Mary Kaye Huntsman surveyed the crowd of 60+ people spilled across Juliana Bergeron’s lawn on Main Street in Keene, New Hampshire. Her husband, Jon, had just finished his first event of the day and the couple lingered to chat with voters and reporters. The event had been so packed, not everyone’s hands had been shaken nor every question answered. “This certainly wasn’t like the old days,” she marveled, “where it was just a few of us in a van. I remember one time we went to an event at a picnic site and we set it all up, balloons and everything and we waited. Nothing. No one came! And then we realized we were at the wrong picnic area, so we packed up and rushed off to another park.”
This week’s rollout of a New Hampshire campaign was nowhere near as simple for the former Utah governor and recent ambassador to China. Forget the primaries, Huntsman had the look and feel – and heavy choreography — of a general election nominee. The potential candidate — he’s just exploring a run at the moment — traveled by seven-car motorcade and with a staff that rivaled Hillary Clinton’s on her New Hampshire roll out in 2007. And he had the press to match. After Huntsman’s first event Thursday night, George Stephanopolous interviewed the governor – or is it ambassador? – for Good Morning America. Dozens of members of national media crowded into two house parties Friday morning. There was John King from CNN’s State of the Union. The Washington Post, The New York Times and USA Today all sent their top political reporters.
“I didn’t realize he was a superstar, Barack Obama type,” grumbled one attendee whose view of the potential candidate was blocked by two television camera men.Huntsman played the role well. He spoke eloquently, no hemming and hawing. He looked natural in his brown corduroys and white shirt with the collar open and the sleeves rolled up. He stood quietly, with his arms at his side — no sudden hand gestures. That combined with his calm and reassuring tone made me think of an animal trainer trying to woo skittish wild animals. Except that his subject matter was almost exclusively economics.“From 10,000 miles away in China, things there are pretty good,” Huntsman says, speaking of his recent stint as Barack Obama’s ambassador to Beijing. “They’ve got 8-9-10% growth rates that can go on forever. They’re giddy with pride. Then take a look at our country and we’re down. But you have to take heart because we are the envy of the world.”
Huntsman underlined how important this election is. “It will set the course for spending,” he said. “We’re $14 trillion in debt. That should be a campaign slogan by itself: $14 trillion, exclamation point! To say nothing of $52 trillion in obligations both public and private. Everyone’s going through the deleveraging process.” Huntsman praised both Obama’s fiscal commission and Paul Ryan for taking important steps to address deficits. And, yes, he says he support Ryan’s budget, Medicare changes and all. “We’ve hit the wall and everyone knows it,” Huntsman says. “And we’ve got to be willing to take tough medicine going forward.”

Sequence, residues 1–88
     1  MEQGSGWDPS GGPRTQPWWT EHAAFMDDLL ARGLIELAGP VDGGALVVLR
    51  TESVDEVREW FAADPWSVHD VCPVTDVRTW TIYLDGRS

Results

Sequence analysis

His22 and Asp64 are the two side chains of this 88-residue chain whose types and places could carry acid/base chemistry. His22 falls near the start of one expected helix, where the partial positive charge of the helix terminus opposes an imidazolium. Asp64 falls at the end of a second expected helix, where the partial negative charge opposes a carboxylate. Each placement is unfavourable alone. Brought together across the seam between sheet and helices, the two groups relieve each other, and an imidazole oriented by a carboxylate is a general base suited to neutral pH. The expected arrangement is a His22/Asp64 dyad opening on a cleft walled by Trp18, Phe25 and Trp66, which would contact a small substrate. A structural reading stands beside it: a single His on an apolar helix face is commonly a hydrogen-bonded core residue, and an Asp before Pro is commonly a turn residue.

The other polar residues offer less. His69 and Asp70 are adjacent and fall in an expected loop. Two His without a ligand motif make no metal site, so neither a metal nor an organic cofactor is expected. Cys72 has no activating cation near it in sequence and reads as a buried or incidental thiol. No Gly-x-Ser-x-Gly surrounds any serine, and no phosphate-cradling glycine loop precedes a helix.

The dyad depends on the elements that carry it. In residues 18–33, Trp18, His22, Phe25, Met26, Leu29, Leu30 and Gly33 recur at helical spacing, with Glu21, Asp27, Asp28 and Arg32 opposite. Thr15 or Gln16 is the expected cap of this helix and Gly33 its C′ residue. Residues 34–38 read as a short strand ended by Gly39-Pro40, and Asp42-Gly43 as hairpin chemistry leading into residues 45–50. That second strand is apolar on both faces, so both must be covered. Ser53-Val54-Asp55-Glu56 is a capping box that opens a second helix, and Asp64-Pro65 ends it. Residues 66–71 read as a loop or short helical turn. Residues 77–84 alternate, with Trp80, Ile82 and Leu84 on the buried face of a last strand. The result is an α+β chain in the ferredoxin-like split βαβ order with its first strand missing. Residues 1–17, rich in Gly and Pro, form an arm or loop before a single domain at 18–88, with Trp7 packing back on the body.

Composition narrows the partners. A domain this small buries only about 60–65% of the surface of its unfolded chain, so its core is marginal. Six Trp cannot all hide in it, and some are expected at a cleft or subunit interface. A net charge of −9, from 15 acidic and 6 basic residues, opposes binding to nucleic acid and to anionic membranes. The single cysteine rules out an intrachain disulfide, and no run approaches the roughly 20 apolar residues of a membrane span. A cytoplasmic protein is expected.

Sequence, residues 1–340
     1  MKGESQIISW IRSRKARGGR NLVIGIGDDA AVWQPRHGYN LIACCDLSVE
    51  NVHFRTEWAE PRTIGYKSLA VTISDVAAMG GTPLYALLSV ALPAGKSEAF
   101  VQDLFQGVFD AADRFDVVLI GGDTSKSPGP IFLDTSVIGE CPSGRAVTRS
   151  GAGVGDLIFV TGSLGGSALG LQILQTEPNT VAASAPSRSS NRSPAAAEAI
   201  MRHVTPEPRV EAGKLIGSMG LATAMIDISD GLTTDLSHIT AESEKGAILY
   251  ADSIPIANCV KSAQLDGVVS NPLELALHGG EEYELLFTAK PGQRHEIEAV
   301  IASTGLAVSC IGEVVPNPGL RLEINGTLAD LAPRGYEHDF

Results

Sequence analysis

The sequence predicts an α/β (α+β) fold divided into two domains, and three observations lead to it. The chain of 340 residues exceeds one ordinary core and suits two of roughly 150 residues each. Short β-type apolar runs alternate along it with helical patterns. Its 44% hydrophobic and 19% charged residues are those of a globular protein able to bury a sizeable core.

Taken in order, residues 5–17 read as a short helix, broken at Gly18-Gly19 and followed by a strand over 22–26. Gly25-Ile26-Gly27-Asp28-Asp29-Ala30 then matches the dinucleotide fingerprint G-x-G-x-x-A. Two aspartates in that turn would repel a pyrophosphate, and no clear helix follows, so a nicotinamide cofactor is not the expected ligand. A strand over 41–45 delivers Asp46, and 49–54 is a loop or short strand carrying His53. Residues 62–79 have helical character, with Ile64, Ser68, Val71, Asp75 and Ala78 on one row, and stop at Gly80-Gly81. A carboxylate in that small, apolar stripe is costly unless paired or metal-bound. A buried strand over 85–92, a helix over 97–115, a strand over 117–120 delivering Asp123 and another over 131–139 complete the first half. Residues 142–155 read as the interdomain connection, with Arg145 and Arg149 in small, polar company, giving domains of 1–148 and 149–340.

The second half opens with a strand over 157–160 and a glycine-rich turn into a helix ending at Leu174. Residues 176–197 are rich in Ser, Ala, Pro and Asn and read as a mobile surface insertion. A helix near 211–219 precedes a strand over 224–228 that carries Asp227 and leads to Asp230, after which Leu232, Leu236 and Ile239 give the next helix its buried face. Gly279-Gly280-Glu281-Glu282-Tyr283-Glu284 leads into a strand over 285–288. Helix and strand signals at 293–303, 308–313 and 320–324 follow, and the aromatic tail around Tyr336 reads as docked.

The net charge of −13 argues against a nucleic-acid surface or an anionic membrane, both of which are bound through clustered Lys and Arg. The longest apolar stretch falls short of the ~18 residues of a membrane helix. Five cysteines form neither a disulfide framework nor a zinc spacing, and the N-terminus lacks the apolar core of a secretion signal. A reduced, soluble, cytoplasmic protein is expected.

For the most part, voters didn’t seemed to be bothered that Huntsman, who may be seeking the GOP nomination, used to work for the guy he’s trying to oust. Marilyn Soper, a retired executive director of a non-profit organization from Keene, thanked Huntsman for his service, saying being ambassador to China was akin to her two sons serving in the military. “I thanked him for being clear that he was not serving Obama, but his country,” Soper said.
But not every one was convinced. “I think he has to explain it better,” said John Musarra, a former investment manager from Hancock. “I want to know if he gave money to Obama to get that coveted position.”Huntsman himself avoided virtually any mention of Obama or any of his rivals. He focused on a positive message that tried to expand as much as possible on his biography as a businessman in the Huntsman family chemical business – run by his brother, it grosses an eye popping $8 billion annually – and as an ambassador and governor. And, of course, a father: “Tell us about yourself,” Dick Bell, a retired businessman from Hancock, asked at Huntsman’s second house party of the day in Hancock. “Well, most importantly, I’m a husband and father of seven,” Huntsman replied.
They say in New Hampshire that you don’t really know a candidate until you’ve met him six times. This was Huntsman’s first trip – so he has a ways to go. But his resume was intriguing to most of the moderate leaning Republicans in attendance this morning. “I want to hear more from him,” Bell said, adding he was disappointed with Huntsman’s biographical answer. “I wish he’d been more detailed, given us more about his business experience. On all of his questions, I’d need to know a lot more before I voted for him.” Huntsman, welcome to New Hampshire, where retail means answering every last question.